Concessionary fares are generally understood to be fares discounted below the level that could be justified commercially, leading to a loss of revenue to operators, which is normally reimbursed by local authorities. An example is the half fare on British Rail in Greater London available to any holder of a London Borough Travel Permit issued free of charge to a million pensioners and disabled people - an arrangement for which London boroughs are paying BR about pounds 1.2m this year.
Pensioners' Railcards, on the other hand, are a classic form of price discrimination: British Rail charges a group of particularly price-sensitive people (on average) a two-part tariff - an initial fee which entitles them to a lower fare per journey to encourage them to make more journeys. Some heavy users of BR do, of course, benefit greatly, but BR expects to get more revenue from this arrangement, not less.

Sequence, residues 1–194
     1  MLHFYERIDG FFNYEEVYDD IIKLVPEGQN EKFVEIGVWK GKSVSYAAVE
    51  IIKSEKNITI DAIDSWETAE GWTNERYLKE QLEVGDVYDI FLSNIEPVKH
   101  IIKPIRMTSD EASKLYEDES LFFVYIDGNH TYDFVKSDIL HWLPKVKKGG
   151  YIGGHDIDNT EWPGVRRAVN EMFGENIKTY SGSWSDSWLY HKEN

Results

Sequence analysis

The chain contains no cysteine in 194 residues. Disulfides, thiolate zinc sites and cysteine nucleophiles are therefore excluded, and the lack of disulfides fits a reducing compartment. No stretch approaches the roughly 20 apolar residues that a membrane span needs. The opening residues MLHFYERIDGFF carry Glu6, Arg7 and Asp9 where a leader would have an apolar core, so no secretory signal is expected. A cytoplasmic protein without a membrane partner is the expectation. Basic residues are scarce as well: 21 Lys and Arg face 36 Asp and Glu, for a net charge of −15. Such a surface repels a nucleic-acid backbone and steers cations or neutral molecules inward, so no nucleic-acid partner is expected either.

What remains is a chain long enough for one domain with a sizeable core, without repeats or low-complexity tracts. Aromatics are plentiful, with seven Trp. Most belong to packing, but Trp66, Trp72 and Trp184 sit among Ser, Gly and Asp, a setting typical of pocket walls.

If it makes commercial sense for BR, something very similar will make commercial sense for franchisees. The only problem would be resolving arguments about the allocation of the revenue from the sales of the railcards between franchisees. This may require some arm-twisting by government, but no loss to the public purse as your leader suggests.
This is not to say that all is rosy in rail privatisation; just that opponents who settle for this concession would have achieved little of substance.
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